Amlana, Amlāna: 11 definitions
Amlana means something in Hinduism, Sanskrit, Marathi, Hindi. If you want to know the exact meaning, history, etymology or English translation of this term then check out the descriptions on this page. Add your comment or reference to a book if you want to contribute to this summary article.
Alternative spellings of this word include Amlan.
Languages of India and abroad
Marathi-English dictionarySource: DDSA: The Molesworth Marathi and English Dictionary
amlāna (अम्लान).—a S Unfading, undecaying, amaranthine, lit. fig.
Marathi is an Indo-European language having over 70 million native speakers people in (predominantly) Maharashtra India. Marathi, like many other Indo-Aryan languages, evolved from early forms of Prakrit, which itself is a subset of Sanskrit, one of the most ancient languages of the world.
Sanskrit dictionarySource: DDSA: The practical Sanskrit-English dictionary
1) Not withered or faded (flowers &c.).
2) Clean, clear, bright (face); pure, unclouded; परार्थन्यायवादेषु काणोऽप्यम्लानदर्शनः (parārthanyāyavādeṣu kāṇo'pyamlānadarśanaḥ).
-naḥ Globe-amaranth (Mar. āṃbolī).
-nam A lotus.Source: Cologne Digital Sanskrit Dictionaries: Shabda-Sagara Sanskrit-English Dictionary
(-naḥ-nā-naṃ) 1. Clean, clear. 2. Bright, unclouded. m.
(-naḥ) Globe amaranth, (Gomphrena globosa.) E. a neg. and mlāna dirty.Source: Cologne Digital Sanskrit Dictionaries: Cappeller Sanskrit-English Dictionary
Amlāna (अम्लान).—[adjective] unfaded, unimpaired, fresh.
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Āmlāna (आम्लान).—[adjective] (somewhat) faded.Source: Cologne Digital Sanskrit Dictionaries: Monier-Williams Sanskrit-English Dictionary
1) Amlāna (अम्लान):—[=a-mlāna] mfn. (√mlai), unwithered, clean, clear
2) [v.s. ...] bright, unclouded (as the mind or the face), [Mahābhārata] etc.
3) [v.s. ...] m. globe-amaranth (Gomphraena Globosa, [cf. Lexicographers, esp. such as amarasiṃha, halāyudha, hemacandra, etc.]), [Hemādri’s Caturvarga-cintāmaṇi]
4) Āmlāna (आम्लान):—[=ā-mlāna] mfn. [varia lectio] for a-mlāna q.v., [Raghuvaṃśa xvi, 75.]Source: Cologne Digital Sanskrit Dictionaries: Yates Sanskrit-English Dictionary
Amlāna (अम्लान):—[a-mlāna] (naḥ) 1. m. Globe amaranth. a. Unfaded, clear, bright.Source: DDSA: Paia-sadda-mahannavo; a comprehensive Prakrit Hindi dictionary (S)
[Sanskrit to German]
Sanskrit, also spelled संस्कृतम् (saṃskṛtam), is an ancient language of India commonly seen as the grandmother of the Indo-European language family (even English!). Closely allied with Prakrit and Pali, Sanskrit is more exhaustive in both grammar and terms and has the most extensive collection of literature in the world, greatly surpassing its sister-languages Greek and Latin.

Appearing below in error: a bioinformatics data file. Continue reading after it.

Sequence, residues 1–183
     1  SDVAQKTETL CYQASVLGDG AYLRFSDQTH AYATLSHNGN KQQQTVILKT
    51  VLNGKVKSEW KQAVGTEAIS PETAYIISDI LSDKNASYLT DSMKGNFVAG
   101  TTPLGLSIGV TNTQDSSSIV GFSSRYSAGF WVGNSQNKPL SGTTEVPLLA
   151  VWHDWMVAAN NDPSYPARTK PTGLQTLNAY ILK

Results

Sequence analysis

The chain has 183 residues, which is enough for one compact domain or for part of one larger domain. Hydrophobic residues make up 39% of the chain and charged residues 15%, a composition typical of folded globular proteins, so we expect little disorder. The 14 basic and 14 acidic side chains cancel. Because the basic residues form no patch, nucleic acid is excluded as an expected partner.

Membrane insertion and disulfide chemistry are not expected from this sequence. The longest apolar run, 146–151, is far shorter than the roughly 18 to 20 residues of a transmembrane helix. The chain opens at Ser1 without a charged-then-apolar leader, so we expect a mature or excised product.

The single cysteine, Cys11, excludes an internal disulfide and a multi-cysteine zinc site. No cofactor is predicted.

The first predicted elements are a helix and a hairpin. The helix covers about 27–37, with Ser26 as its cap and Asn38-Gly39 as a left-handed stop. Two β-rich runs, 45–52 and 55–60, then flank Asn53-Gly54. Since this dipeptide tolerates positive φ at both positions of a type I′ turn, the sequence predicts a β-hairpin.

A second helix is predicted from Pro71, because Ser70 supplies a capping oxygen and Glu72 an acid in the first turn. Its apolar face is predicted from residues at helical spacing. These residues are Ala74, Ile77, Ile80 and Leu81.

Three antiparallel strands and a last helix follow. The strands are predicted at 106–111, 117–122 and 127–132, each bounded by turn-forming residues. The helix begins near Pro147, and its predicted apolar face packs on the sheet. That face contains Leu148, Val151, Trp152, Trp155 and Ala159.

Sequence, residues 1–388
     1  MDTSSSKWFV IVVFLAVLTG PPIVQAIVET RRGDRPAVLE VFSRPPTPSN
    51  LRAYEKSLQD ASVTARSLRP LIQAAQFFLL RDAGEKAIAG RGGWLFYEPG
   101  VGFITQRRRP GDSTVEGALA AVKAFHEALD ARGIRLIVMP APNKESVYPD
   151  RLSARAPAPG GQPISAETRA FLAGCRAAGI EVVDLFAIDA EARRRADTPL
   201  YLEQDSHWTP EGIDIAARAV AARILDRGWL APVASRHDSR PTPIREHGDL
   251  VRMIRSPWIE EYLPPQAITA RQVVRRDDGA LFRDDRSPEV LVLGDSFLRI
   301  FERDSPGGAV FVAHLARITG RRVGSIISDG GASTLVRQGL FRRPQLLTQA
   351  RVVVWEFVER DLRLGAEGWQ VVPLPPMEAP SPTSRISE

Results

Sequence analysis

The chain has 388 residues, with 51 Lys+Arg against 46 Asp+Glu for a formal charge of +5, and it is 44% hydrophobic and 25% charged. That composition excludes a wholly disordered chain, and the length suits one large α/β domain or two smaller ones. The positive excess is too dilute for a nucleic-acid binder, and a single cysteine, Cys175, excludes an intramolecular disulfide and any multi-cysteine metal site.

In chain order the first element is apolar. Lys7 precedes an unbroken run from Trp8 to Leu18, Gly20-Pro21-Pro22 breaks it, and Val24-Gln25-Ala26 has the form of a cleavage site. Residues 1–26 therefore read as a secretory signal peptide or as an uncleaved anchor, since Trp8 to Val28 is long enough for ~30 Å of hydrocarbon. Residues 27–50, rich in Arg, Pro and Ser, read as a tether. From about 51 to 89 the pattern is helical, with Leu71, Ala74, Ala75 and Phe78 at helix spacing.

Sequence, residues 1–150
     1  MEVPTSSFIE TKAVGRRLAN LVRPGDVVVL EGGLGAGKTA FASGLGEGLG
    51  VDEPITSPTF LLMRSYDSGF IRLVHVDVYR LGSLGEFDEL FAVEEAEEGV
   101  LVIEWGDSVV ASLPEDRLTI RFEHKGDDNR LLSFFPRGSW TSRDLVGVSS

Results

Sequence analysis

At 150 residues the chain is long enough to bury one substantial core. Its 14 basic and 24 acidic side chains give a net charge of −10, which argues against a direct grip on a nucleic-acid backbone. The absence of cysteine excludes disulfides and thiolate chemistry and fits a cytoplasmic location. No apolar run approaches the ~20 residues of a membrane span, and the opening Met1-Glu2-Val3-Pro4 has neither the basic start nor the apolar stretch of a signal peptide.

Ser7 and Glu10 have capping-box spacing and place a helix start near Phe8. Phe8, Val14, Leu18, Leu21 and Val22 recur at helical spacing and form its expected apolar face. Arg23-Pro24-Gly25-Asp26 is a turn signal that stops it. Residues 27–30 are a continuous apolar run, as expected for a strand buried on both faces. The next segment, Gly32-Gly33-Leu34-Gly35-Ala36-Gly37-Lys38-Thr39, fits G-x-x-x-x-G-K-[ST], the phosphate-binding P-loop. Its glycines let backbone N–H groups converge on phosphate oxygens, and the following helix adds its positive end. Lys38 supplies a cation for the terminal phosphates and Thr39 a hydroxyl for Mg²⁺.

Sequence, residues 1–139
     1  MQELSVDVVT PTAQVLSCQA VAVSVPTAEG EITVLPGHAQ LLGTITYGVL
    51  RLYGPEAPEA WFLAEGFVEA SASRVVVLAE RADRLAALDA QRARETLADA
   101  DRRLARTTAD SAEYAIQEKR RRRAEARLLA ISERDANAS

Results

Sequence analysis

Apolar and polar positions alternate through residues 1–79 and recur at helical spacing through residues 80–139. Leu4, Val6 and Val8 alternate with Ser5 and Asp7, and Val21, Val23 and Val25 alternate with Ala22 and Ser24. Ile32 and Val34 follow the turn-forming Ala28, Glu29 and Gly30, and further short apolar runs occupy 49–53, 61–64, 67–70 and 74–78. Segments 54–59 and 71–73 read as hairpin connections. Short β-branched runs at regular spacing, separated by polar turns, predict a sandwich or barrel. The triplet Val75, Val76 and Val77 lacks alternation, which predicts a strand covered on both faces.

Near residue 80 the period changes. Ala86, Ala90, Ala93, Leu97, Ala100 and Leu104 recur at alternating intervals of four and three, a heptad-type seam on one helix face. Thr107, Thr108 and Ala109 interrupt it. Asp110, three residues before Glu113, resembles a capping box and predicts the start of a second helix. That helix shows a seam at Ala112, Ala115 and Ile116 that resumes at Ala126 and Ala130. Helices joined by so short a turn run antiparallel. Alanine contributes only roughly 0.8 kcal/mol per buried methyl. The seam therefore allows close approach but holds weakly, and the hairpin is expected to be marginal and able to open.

Hindi dictionarySource: DDSA: A practical Hindi-English dictionary
Amlāna (अम्लान) [Also spelled amlan]:—(a) unwithered; bright, fresh; hence ~[tā] (nf).
Kannada-English dictionarySource: Alar: Kannada-English corpus
1) [adjective] (said of flowers) dried up; (said of freshness) lost; withered; faded.
2) [adjective] clear; pure.
3) [adjective] not sad; not dejected; not disheartened.
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1) [noun] the plant Gomphrena globosa of Amaranthaceae family.
2) [noun] its flower.
Kannada is a Dravidian language (as opposed to the Indo-European language family) mainly spoken in the southwestern region of India.
See also (Relevant definitions)
Starts with: Amlanayaka.
Full-text (+7): Amalataka, Amilataka, Amlanini, Amlataka, Amilata, Vajiprishtha, Amlayin, Pramla, Raktamlana, Amlani, Parimla, Amalanaka, Amilaya, Nilamlana, Vimla, Amlanin, Amilana, Amlan, Mlata, Amlayati.
Search found 7 books and stories containing Amlana, Amlāna, Āmlāna, A-mlana, A-mlāna, Ā-mlāna; (plurals include: Amlanas, Amlānas, Āmlānas, mlanas, mlānas). You can also click to the full overview containing English textual excerpts. Below are direct links for the most relevant articles:
Garga Samhita (English) (by Danavir Goswami)
Bhakti-rasamrta-sindhu (by Śrīla Rūpa Gosvāmī)
Brihad Bhagavatamrita (commentary) (by Śrī Śrīmad Bhaktivedānta Nārāyana Gosvāmī Mahārāja)
Amarakoshodghatana of Kshirasvamin (study) (by A. Yamuna Devi)
Flora (7): Shrubs < [Chapter 5 - Aspects of Nature]
Kavyamimamsa of Rajasekhara (Study) (by Debabrata Barai)
Part 4.2 - Ascertaintion and Division of Kāku (poetic intonation) < [Chapter 5 - Analyasis and Interpretations of the Kāvyamīmāṃsā]
Part 5 - Foundation of Kavi-śikṣā school < [Chapter 3 - Contribution of Rājaśekhara to Sanskrit Poetics]
The Agni Purana (by N. Gangadharan)